Continued from part 1
At the end of the year, Holy Bull had done it all. He demonstrated extraordinary brilliance against older horses, easily winning the Met Mile and Woodward Stakes (gr. I) in blistering times. He annihilated 3-year-olds in the Blue Grass Stakes (gr. II), Florida Derby, and Dwyer Stakes (gr. II). He displayed the courage of a champion in the Travers Stakes (gr. I), digging in and holding off the furious late charge of eventual Breeders' Cup Classic (gr. I) winner Concern, despite the presence of a rabbit to soften him up and a brutal three-quarters in 1:10.43. He showed the will to win by coming again to defeat the swift Patton in the Hutcheson Stakes (gr. II). And he demonstrated his ability to concede weight to top-class horses by defeating graded stakes winner Meadow Flight and Concern in the Haskell Invitational Handicap (gr. I), giving them eight pounds.
Of the horses he defeated in 1994, Devil His Due, Colonial Affair, Cherokee Run, Concern, Go for Gin, and Tinners Way all came back to win grade I stakes, while Tabasco Cat, Bertrando, and Meadow Flight won stakes in their next starts. He defeated the winners of the grade I Kentucky Derby, Preakness, Belmont (twice), Breeders' Cup Classic, Breeders' Cup Sprint, Jockey Club Gold Cup, Whitney, Woodward, Pacific Classic (twice), and Suburban.
In his eight victories that year, his average Beyer Speed Figure was over 115, which is remarkable for a 3-year-old. Here was a Horse of the Year and champion 3-year-old male who, during his career, defeated a champion older horse, champion sprinter, and champion 2-year-old male, not to mention three classic winners and two Breeders' Cup winners.
Although the Travers was Holy Bull's narrowest margin of victory, it was the race that stamped his true greatness. No Travers winner other than Man o' War had run three-quarters faster than Holy Bull, as he had to put away Tabasco Cat's rabbit. When Concern, racing far back early, charged up almost on even terms, even Croll was convinced Holy Bull was beaten. But he held on tenaciously to win by a neck. Concern's trainer Dick Small said afterward, "That was a race for the ages. I had to get out of there quick or I would have broke into tears. My horse was fresh and I really thought we had it. For Holy Bull to dig in and fight back like that after all he had to do early in the race showed that he's really something special."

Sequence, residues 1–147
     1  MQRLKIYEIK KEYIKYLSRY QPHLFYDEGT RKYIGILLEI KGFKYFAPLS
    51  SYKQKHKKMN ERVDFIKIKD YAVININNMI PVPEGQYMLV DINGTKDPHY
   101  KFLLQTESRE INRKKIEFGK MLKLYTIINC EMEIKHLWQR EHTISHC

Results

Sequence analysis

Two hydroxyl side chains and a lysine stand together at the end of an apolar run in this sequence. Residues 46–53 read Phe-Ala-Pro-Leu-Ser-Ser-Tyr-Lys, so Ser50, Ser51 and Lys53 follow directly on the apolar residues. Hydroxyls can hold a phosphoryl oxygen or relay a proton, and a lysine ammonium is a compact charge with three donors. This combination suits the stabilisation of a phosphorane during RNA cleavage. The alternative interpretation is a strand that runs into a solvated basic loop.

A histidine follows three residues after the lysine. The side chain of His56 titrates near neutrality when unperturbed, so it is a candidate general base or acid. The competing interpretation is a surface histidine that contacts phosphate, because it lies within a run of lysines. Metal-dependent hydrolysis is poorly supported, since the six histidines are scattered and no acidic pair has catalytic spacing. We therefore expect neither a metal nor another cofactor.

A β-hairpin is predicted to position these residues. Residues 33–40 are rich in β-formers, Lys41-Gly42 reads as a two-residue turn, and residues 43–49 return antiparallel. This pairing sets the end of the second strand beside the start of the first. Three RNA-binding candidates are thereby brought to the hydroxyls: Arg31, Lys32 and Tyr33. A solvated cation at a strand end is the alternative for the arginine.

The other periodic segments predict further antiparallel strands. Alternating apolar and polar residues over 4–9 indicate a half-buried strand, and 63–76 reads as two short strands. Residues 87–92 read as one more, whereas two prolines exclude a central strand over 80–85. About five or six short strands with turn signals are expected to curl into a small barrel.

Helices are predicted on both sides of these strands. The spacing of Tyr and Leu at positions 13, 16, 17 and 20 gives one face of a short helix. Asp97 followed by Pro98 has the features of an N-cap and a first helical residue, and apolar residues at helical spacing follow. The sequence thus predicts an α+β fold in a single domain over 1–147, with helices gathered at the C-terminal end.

What made Holy Bull such a fan favorite was that he ran as hard, as fast, and as far as he could race after race. He looked the best horses in America in the eye and left them for dead. The way he rated in the Woodward before blowing away a star-studded field by five lengths in 1:46.89 was nothing short of spectacular. Just try to imagine racecaller Tom Durkin's voice as he bellowed in a tone of disbelief, "Holy Bull winning like a champion...with devastating ease! Holy Bull toying with the best horses in training."
His rider, Mike Smith, put it best when he said, "I'm in awe of him. I thought he grew wings at the quarter pole."
Everyone expected Holy Bull to point for the Breeders' Cup, but Croll could see some wear and tear after a long, hard year. He knew that making the Breeders' Cup would force him to miss the Gulfstream meet. "I took a little heat for the decision to put him away for the year," Croll said. "But I race every year in Florida, and I felt I owed it to them to run the horse there."
Holy Bull was assigned 130 pounds on the Daily Racing Form Free Handicap, the first 3-year-old in 15 years to be weighted that high. He arrived in Florida a national hero. A headline in the Form read: " 'Bullmania' Sweeps the Nation."
Croll brought him back in the seven-furlong Olympic Handicap and he easily defeated the classy Birdonthewire. Then came the Donn Handicap (gr. I) and a battle with an upstart named Cigar, winner of three straight, including the NYRA Mile (gr. I). One can only speculate what would have happened had Holy Bull not pulled up on the backstretch with a career-ending injury. But many believe Holy Bull was already starting to pull away from Cigar when the injury occurred. One of those, naturally, was Croll.
"I truly feel he would have beaten Cigar," Croll said. "He was just getting ready to go by him. But I didn't even think of that. I was just so happy to see his four feet on the ground, and to know it wasn't life-threatening. When I went back to the barn, there were over 100 people there to see how he was. One of the first ones back there was (Cigar's trainer) Bill Mott."
Holy Bull was retired to Jonabell Farm, where he has sired 13 stakes winners, including Breeders' Cup Juvenile (gr. I) winner and champion 2-year-old male Macho Uno, Frizette (gr. I) winner Confessional, and Flamingo Stakes (gr. III) winner Thunder Blitz, who finished fourth in this year's Kentucky Derby.
If you're anywhere near Saratoga on Aug. 6, stop by the Hall of Fame induction ceremony and listen to all the remembrances of a truly gifted athlete. You'll hear a lot of superlatives and talk of great, heroic feats. And when you do, just remember one thing: none of it is bull.